Are you a CPA looking for ways to increase your productivity?
Here are ten suggestions.
First, I see too many CPAs hen-pecking around, trying to find information in their electronic piles. Many times the quickest route to finding information is Control f (Command f on a Mac). Hold your control key down and type f. This action will usually generate a find dialog box–-then key in your search words. Control f works in Excel, Word, PowerPoint, and Adobe Acrobat.
Computers can’t read all electronic documents (that is, not all documents are electronically searchable). Sometimes you need to convert the document to OCR. OCR stands for optical character recognition. So how can you make an electronic document readable and searchable?
Scan documents into Adobe Acrobat and use the OCR feature to convert bitmap images into searchable documents. Then use Control f to locate words. When should you OCR a document? Typically when it’s several pages long. Do so when you don’t want to read the entire document to find a particular word or phrase.
For example, suppose your client gives you a one-hundred-page bond document, and you need to locate the loan covenants. Rather than reading the entire document, convert it to searchable text (using Adobe Acrobat) and use Control f to locate each instance of the word covenant.
A clean work surface enables you to think clearly.
So make filing decisions quickly–as soon as a paper or electronic document is received. Keep your desk (and computer desktop) clean.
If you can dispatch a document in less than two minutes, do so immediately. For documents that take more than two minutes to file, electronically scan them. Then place the document in an action folder on your computer’s desktop. (If you don’t have time to scan the document at the moment, create a To Be Scanned pile in a paper tray.)
You’re thinking, “But I’ll forget about the document if it’s not physically on my desk.” Allay this fear by adding a task in Outlook to remind you of the scanned document (you can even add the document to a task). I create tasks with reminders. So, for example, the reminder pops up at 10:00 a.m. on Tuesday morning; attached is the relevant document. That way I don’t forget.
For more information about scanning, see my post How to Build an Accountant’s Scanning System. I also recommend David Allen’s book Getting Things Done which provides a complete system for making filing decisions.
An open door says what? Come in.
A cracked door says what? Knock and come in.
A closed door says what? Don’t enter, especially without knocking.
I close my door for about an hour at a time. Additionally, I turn off all electronic devices and notifications. Doing so allows me to focus on the task at hand.
Do you remember everything someone says in a meeting? I don’t. Livescribe allows me to take notes and simultaneously record the conversation. Then I can hear any part of the conversation. For example, if I–in a meeting–write the words “intangible amortization,” I can (later) touch the tip of my pen to that phrase (in my Livescribe notebook) and hear what was said as I wrote those words. That way, I don’t have to call a meeting attendee and ask, “What did you say about intangible amortization?”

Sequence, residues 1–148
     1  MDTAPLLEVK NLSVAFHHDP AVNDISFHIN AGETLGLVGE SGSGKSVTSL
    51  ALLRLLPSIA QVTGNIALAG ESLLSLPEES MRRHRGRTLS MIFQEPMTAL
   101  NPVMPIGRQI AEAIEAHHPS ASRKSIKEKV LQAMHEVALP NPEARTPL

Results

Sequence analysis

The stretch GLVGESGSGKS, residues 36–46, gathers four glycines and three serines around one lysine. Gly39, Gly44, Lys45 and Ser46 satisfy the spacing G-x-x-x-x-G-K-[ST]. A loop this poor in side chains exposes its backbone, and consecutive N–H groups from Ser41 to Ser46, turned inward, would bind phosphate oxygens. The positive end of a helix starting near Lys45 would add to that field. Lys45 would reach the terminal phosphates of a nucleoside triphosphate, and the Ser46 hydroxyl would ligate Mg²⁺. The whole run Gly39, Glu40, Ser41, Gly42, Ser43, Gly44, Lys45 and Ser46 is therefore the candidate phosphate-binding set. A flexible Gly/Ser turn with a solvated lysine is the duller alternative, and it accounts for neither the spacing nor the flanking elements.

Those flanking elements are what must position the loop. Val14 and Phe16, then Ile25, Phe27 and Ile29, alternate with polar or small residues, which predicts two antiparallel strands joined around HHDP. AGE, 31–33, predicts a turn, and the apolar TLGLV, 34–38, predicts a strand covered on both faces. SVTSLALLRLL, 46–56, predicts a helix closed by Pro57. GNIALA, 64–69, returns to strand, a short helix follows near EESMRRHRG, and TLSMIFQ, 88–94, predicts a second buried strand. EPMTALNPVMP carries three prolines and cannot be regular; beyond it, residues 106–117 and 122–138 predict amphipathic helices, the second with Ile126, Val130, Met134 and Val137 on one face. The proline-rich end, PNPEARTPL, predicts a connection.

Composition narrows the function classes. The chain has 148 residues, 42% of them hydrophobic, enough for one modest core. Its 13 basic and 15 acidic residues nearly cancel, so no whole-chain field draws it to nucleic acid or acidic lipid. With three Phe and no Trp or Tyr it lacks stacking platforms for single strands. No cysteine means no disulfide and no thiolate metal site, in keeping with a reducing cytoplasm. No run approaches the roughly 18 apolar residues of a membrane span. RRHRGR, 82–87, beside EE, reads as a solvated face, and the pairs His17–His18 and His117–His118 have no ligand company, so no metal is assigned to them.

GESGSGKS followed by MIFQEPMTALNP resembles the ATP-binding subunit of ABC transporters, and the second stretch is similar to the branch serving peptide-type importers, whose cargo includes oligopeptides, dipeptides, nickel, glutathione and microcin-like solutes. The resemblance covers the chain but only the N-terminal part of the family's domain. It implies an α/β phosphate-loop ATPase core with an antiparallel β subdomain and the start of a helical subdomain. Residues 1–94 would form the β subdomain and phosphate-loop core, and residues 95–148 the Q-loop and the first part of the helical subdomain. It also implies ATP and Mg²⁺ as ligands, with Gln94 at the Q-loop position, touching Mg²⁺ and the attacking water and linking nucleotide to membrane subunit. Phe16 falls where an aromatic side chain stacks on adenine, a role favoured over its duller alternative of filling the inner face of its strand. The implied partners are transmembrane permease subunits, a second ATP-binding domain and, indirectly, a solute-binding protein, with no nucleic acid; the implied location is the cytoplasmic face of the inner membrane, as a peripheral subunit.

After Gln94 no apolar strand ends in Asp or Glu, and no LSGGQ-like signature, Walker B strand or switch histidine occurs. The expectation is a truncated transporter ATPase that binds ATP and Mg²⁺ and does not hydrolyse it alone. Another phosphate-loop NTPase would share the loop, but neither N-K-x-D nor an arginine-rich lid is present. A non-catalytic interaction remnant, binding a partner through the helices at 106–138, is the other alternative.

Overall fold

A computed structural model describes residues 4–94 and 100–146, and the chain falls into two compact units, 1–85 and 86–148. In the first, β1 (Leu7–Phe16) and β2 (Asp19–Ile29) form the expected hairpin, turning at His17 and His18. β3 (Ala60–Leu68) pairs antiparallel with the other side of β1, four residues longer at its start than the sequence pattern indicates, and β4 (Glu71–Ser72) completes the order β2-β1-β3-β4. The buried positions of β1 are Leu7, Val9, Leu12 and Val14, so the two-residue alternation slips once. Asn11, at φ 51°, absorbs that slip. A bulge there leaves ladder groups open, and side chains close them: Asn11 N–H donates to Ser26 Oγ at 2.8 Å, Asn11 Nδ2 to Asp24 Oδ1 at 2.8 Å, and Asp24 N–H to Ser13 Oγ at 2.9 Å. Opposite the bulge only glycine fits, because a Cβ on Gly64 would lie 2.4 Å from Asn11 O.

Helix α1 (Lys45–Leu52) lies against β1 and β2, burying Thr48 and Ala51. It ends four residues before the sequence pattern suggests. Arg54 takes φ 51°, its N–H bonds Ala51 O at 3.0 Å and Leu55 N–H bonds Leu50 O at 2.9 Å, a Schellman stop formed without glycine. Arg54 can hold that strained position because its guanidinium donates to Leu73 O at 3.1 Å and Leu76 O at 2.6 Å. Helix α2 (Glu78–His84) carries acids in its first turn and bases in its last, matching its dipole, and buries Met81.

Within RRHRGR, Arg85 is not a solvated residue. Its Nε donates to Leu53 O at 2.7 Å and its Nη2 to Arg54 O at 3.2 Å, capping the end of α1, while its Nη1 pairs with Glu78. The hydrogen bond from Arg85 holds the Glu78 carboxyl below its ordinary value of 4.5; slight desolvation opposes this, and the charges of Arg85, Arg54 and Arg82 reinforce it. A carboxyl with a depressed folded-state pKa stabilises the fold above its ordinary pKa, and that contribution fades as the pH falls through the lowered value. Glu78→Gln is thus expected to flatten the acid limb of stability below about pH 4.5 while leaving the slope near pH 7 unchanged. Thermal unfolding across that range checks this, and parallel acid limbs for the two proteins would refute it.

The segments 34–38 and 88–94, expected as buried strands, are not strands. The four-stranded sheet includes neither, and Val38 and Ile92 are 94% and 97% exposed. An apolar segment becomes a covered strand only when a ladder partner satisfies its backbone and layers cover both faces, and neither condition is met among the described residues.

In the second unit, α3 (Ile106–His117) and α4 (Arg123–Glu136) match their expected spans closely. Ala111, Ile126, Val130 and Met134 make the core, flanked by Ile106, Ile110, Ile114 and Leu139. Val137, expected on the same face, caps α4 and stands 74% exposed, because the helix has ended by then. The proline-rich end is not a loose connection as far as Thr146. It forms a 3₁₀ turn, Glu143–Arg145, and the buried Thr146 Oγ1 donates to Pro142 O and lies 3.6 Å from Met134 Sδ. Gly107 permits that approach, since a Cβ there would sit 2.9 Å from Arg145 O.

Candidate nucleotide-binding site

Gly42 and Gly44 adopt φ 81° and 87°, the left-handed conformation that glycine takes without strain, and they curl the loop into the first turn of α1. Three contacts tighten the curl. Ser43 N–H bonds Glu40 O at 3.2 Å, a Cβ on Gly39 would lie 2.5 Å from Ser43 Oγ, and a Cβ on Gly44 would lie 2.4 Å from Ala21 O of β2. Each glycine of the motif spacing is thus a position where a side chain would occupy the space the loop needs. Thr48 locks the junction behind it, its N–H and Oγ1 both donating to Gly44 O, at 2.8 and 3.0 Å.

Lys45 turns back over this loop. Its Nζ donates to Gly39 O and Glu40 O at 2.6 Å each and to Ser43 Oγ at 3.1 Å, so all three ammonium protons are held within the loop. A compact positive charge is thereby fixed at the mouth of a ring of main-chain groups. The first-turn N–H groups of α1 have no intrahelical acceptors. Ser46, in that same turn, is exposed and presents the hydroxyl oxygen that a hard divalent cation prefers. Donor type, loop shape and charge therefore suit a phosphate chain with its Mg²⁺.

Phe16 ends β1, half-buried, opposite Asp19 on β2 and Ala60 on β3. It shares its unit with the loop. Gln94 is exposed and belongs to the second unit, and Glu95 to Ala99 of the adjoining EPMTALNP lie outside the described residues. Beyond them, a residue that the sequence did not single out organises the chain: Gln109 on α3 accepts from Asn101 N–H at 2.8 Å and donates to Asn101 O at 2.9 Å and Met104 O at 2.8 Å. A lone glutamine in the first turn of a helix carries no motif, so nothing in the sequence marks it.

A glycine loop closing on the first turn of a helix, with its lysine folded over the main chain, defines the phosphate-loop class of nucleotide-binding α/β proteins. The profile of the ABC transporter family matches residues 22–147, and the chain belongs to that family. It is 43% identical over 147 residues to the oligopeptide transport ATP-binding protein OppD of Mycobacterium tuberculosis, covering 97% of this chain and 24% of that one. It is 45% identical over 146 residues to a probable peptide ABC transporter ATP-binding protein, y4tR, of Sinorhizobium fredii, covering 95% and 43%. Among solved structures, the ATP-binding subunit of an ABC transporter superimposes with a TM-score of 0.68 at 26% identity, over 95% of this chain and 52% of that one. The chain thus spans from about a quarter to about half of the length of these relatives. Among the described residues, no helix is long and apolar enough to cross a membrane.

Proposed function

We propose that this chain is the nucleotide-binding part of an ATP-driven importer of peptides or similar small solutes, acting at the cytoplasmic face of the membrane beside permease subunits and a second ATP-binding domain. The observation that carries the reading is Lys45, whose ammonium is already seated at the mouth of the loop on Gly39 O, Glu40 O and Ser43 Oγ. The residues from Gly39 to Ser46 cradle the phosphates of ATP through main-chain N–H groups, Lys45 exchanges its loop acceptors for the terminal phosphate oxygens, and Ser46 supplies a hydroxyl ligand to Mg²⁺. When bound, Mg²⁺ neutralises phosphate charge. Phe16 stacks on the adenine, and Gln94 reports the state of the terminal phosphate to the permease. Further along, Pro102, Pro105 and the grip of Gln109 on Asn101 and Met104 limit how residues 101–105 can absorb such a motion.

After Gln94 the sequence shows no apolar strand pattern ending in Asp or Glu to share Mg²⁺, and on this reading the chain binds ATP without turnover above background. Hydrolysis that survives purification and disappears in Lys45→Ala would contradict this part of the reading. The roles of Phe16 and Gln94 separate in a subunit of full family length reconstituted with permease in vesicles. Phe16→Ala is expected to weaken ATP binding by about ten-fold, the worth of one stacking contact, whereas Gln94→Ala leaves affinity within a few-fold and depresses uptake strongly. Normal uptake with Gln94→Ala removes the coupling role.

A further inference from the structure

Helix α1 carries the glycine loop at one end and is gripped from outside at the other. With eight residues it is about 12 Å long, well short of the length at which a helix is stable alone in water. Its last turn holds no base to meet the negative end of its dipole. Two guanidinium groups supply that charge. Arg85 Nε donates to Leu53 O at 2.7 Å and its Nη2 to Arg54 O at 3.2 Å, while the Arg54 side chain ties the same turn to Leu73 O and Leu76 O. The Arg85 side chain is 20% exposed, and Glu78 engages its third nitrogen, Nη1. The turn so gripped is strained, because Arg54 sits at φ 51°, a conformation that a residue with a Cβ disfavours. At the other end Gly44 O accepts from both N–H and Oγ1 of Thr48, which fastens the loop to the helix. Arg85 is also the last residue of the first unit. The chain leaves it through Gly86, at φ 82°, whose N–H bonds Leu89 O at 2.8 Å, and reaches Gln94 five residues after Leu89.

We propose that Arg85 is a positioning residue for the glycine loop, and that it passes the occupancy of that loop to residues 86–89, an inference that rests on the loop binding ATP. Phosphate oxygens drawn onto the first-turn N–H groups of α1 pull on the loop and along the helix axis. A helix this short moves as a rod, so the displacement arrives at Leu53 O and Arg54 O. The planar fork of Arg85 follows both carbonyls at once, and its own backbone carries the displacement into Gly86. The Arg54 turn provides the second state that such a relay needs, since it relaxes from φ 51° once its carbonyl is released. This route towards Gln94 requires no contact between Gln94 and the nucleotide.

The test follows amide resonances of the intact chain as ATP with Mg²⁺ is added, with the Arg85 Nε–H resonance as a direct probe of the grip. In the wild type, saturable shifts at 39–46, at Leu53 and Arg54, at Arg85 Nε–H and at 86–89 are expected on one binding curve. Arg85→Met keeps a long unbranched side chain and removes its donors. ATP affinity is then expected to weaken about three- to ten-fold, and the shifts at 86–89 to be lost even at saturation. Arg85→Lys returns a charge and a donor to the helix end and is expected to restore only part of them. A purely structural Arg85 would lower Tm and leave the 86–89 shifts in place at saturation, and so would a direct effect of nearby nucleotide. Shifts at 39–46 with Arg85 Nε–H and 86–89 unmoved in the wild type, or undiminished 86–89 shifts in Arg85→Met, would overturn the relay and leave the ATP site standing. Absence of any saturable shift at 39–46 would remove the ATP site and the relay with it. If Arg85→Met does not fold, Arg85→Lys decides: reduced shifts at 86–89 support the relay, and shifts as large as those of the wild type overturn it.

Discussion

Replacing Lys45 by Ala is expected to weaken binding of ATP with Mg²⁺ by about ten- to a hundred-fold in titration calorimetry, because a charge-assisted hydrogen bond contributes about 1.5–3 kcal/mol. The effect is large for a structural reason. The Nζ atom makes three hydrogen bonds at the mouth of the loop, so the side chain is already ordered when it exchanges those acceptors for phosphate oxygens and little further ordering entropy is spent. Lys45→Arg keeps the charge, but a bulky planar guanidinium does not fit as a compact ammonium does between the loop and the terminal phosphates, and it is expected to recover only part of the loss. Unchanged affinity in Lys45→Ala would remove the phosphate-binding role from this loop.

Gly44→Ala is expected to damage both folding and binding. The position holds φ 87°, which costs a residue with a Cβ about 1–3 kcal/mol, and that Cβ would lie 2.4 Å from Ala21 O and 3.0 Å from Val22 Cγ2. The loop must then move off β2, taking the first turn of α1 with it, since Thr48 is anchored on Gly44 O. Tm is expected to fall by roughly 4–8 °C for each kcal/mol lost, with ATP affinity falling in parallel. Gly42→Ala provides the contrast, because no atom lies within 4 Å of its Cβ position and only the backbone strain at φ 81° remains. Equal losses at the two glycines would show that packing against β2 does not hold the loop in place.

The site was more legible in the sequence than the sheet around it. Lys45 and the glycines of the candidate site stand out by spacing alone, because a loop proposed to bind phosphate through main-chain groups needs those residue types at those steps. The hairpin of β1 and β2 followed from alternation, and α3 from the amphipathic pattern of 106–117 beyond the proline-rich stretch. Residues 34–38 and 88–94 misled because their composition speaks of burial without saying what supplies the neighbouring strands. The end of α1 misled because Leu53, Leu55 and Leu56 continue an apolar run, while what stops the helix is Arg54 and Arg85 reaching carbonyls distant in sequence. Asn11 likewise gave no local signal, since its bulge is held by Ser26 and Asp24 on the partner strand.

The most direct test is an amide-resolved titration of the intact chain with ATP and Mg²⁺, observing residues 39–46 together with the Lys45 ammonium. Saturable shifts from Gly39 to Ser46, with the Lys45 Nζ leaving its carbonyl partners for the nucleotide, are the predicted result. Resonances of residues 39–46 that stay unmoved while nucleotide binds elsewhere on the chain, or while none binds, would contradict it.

Another idea is to take breaks and naps.
Counterintuitive? Yes, but it works.
I come from the old school of “don’t lift your head up or someone will see how lazy you are.” I’m not sure where this thinking comes from, but you will be more efficient–not less–when you take periodic breaks. I recommend a break at least once every two hours.
Naps? You may be thinking, “Are you kidding?”
Research shows you will be more productive if you take a nap during the day. It doesn’t have to be long, maybe ten or fifteen minutes after lunch. You’ll feel fresher and think more clearly. According to Dr. Sandra Mednick, author of Take a Nap, Change Your Life, napping can restore the sensitivity of sight, hearing, and taste. Napping also improves creativity.
Michael Hyatt recently listed several famous nappers:
For empirical evidence that naps help, check out the book Rest, Why You Get More Done When You Work Less.
Also, here are more ideas to create energy in your day.
If you pause every time you get an email or a phone call, you will lose your concentration. Therefore, try not to move back and forth between activities. Do one thing at a time since multitasking is a lie.
Pick certain times of the day (e.g., once every three hours) to answer your accumulated emails or calls.
I run (by myself) or walk (with my wife) six times a week–usually in the morning before work. Exercising helps my attitude and clears my mind. Also, I feel stronger late in the day.
Another idea: Go to lunch at 11:30 a.m. or 1:00 p.m. Why stand in line?
Finally, I usually don’t work on Sundays (even in busy season). For me, it’s a day to worship, relax, see friends, and revive. I find the break gives me strength for the coming week.
Muddled minds destroy productivity.
These are a few of my thoughts. Please share yours.
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Charles Hall is a practicing CPA and Certified Fraud Examiner. For the last thirty years, he has primarily audited governments, nonprofits, and small businesses. He is the author of The Little Book of Local Government Fraud Prevention and Preparation of Financial Statements & Compilation Engagements. He frequently speaks at continuing education events. Charles is the quality control partner for McNair, McLemore, Middlebrooks & Co. where he provides daily audit and accounting assistance to over 65 CPAs. In addition, he consults with other CPA firms, assisting them with auditing and accounting issues.
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